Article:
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adj. won·ki·er, won·ki·est Chiefly British
1. Shaky or unsteady: a wonky table.
2. Out of alignment; crooked: "The door itself looked wonky somehow, not quite square with the building" (Steve Augarde).
3. Not functioning properly or normally: wonky digestion; a wonky phone connection.
4. Mentally unbalanced; crazy.
[Probably alteration of dialectal wanky, alteration of wankle, from Middle English wankel, from Old English wancol, unsteady.]
American Heritage® Dictionary of the English Language, Fifth Edition. Copyright © 2016 by Houghton Mifflin Harcourt Publishing Company. Published by Houghton Mifflin Harcourt Publishing Company. All rights reserved.
adj, -kier or -kiest
1. shaky or unsteady
2. not in correct alignment; askew
3. liable to break down or develop a fault
[C20: variant of dialect wanky, from Old English wancol]
Collins English Dictionary – Complete and Unabridged, 12th Edition 2014 © HarperCollins Publishers 1991, 1994, 1998, 2000, 2003, 2006, 2007, 2009, 2011, 2014
adj. -ki•er, -ki•est.
a. shaky; unsteady.
[1920–25; perhaps variant of dial. wanky=wank(le) (Middle English wankel, Old English wancol]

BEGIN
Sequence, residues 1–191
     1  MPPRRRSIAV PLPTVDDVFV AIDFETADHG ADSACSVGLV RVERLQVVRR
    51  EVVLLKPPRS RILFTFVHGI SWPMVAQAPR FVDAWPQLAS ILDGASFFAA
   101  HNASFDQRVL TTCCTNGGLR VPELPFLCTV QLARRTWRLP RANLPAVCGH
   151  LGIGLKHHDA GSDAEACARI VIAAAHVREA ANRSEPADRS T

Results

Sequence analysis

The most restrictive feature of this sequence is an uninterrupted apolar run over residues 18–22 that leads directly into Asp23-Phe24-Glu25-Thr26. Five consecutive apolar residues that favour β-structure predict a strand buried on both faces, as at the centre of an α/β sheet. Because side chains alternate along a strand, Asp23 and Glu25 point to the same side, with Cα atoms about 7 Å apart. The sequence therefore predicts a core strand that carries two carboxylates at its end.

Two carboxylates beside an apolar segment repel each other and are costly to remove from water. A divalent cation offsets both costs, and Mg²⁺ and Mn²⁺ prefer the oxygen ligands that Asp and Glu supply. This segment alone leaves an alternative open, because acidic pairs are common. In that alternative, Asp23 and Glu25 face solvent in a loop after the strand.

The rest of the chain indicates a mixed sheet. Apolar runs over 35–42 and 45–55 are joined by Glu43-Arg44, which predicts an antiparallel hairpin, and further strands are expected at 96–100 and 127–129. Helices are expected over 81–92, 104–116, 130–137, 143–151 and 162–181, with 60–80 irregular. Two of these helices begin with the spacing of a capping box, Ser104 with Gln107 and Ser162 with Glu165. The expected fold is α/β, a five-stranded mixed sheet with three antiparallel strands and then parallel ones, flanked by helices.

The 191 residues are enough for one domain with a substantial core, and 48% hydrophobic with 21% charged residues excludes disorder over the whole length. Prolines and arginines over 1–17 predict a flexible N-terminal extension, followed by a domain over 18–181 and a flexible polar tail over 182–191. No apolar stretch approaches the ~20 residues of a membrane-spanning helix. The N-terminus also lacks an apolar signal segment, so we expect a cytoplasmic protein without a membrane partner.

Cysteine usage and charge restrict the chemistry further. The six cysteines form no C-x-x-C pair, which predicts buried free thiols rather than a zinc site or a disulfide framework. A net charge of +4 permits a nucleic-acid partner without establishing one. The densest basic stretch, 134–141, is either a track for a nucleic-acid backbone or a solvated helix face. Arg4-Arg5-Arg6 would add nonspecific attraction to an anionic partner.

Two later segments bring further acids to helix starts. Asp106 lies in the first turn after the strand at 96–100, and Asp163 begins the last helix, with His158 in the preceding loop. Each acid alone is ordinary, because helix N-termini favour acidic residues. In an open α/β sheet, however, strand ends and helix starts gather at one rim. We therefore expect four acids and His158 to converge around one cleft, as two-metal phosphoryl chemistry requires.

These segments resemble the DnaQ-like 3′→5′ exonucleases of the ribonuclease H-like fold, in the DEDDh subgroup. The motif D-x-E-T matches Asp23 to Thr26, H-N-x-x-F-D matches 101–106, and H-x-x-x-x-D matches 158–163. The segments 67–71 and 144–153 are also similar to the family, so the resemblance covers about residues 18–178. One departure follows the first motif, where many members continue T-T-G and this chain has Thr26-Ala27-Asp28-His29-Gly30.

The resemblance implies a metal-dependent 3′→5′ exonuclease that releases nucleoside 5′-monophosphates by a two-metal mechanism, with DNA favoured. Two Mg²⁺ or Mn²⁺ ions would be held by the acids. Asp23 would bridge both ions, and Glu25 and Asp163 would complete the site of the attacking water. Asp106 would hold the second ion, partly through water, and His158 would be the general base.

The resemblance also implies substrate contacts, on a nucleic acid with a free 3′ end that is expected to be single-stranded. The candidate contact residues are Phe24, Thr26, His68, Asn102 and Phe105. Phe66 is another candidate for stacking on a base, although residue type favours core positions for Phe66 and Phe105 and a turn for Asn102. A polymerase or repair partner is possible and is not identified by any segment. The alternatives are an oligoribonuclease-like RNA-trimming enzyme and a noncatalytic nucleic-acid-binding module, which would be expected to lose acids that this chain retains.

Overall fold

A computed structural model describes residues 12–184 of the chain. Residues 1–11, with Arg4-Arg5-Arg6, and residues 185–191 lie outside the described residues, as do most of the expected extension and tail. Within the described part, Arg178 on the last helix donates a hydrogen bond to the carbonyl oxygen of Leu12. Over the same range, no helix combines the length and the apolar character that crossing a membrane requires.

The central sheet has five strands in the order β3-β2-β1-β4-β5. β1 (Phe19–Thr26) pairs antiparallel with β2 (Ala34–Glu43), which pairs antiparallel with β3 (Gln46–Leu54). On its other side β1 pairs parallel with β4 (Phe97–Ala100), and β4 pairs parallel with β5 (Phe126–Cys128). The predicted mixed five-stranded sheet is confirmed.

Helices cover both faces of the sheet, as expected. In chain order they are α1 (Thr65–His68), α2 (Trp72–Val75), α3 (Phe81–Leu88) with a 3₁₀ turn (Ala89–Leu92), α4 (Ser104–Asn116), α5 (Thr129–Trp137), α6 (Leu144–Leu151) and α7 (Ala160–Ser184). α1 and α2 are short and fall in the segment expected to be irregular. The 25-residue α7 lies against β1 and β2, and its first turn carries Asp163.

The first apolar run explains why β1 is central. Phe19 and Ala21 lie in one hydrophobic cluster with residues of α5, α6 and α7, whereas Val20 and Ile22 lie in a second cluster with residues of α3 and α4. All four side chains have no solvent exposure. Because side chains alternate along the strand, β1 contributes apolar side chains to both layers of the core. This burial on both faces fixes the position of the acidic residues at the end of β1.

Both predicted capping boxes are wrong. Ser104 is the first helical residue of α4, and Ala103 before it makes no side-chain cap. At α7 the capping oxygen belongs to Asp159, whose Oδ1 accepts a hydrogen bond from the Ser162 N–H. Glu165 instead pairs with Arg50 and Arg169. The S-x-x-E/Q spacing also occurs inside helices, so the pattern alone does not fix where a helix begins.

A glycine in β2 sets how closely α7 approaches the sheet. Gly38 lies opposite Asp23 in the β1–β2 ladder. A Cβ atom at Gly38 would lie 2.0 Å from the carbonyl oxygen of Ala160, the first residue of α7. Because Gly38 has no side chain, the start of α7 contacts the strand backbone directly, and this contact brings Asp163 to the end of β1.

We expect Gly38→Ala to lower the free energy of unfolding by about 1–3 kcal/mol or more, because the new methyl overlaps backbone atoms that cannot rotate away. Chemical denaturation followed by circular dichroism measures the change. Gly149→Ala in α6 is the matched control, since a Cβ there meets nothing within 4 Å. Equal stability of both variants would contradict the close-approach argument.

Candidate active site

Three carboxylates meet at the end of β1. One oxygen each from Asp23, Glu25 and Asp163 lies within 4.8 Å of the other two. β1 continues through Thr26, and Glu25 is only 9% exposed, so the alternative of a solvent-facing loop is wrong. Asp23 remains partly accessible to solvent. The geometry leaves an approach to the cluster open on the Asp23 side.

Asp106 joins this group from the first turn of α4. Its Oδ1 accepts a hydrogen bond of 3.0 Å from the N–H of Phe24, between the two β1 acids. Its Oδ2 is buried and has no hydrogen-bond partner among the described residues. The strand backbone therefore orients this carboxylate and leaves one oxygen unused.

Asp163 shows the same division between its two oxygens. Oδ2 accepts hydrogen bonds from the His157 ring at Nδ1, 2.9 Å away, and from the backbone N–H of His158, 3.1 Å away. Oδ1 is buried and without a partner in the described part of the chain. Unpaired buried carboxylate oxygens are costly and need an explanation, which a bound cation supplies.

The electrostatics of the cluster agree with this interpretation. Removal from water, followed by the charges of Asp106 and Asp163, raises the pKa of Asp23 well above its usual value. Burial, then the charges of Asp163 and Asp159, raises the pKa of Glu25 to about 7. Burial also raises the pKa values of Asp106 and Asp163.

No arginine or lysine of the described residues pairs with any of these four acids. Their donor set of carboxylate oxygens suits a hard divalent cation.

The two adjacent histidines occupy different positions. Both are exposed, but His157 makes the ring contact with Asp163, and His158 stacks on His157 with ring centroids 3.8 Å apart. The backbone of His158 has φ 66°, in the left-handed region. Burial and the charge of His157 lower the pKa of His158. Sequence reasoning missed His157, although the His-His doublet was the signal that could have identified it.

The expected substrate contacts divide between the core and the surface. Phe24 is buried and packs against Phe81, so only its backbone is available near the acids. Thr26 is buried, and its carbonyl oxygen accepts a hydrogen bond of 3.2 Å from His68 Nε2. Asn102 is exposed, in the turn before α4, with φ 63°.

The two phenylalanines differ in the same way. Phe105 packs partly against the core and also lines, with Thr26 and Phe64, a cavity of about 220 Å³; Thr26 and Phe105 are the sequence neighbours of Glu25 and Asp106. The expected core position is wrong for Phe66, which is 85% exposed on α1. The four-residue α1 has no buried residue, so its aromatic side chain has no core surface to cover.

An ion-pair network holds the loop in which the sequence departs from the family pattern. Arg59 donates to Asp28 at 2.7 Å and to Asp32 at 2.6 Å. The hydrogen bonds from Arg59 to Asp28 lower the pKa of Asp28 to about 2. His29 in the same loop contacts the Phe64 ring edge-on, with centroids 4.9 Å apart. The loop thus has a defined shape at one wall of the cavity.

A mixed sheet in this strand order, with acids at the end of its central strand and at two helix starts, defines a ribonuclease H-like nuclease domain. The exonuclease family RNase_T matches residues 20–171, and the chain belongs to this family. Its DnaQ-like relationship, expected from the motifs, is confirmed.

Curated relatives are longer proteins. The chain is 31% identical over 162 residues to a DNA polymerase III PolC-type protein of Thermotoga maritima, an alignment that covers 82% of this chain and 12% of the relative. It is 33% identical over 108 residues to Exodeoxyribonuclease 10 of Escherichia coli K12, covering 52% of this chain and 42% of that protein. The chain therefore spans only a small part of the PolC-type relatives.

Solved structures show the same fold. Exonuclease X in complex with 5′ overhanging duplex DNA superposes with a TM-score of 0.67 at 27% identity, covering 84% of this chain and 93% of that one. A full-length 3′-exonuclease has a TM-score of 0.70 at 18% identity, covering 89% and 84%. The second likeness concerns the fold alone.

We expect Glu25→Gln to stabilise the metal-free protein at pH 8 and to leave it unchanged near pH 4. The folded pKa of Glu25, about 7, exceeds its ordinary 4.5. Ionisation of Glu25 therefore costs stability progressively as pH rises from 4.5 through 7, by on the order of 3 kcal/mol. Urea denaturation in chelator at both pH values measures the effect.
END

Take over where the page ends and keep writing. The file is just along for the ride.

Random House Kernerman Webster's College Dictionary, © 2010 K Dictionaries Ltd. Copyright 2005, 1997, 1991 by Random House, Inc. All rights reserved.
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|Adj.||1.||wonky - turned or twisted toward one side; "a...youth with a gorgeous red necktie all awry"- G.K.Chesterton; "his wig was, as the British say, skew-whiff"|
crooked - having or marked by bends or angles; not straight or aligned; "crooked country roads"; "crooked teeth"
|2.||wonky - inclined to shake as from weakness or defect; "a rickety table"; "a wobbly chair with shaky legs"; "the ladder felt a little wobbly"; "the bridge still stands though one of the arches is wonky"|
unstable - lacking stability or fixity or firmness; "unstable political conditions"; "the tower proved to be unstable in the high wind"; "an unstable world economy"
Based on WordNet 3.0, Farlex clipart collection. © 2003-2012 Princeton University, Farlex Inc.
1. askew, squint (informal), awry, out of alignment, skewwhiff (Brit. informal) The wheels of the trolley kept going wonky.
Collins Thesaurus of the English Language – Complete and Unabridged 2nd Edition. 2002 © HarperCollins Publishers 1995, 2002
wonky[ˈwɒŋkɪ] ADJ (wonkier (compar) (wonkiest (superl))) (Brit)
Collins Spanish Dictionary - Complete and Unabridged 8th Edition 2005 © William Collins Sons & Co. Ltd. 1971, 1988 © HarperCollins Publishers 1992, 1993, 1996, 1997, 2000, 2003, 2005
Collins English/French Electronic Resource. © HarperCollins Publishers 2005
Collins German Dictionary – Complete and Unabridged 7th Edition 2005. © William Collins Sons & Co. Ltd. 1980 © HarperCollins Publishers 1991, 1997, 1999, 2004, 2005, 2007
wonky[ˈwɒŋkɪ] adj (-ier (comp) (-iest (superl))) (Brit) (fam) (chair, table) → traballante
to go wonky (TV picture, machine) → fare i capricci
Collins Italian Dictionary 1st Edition © HarperCollins Publishers 1995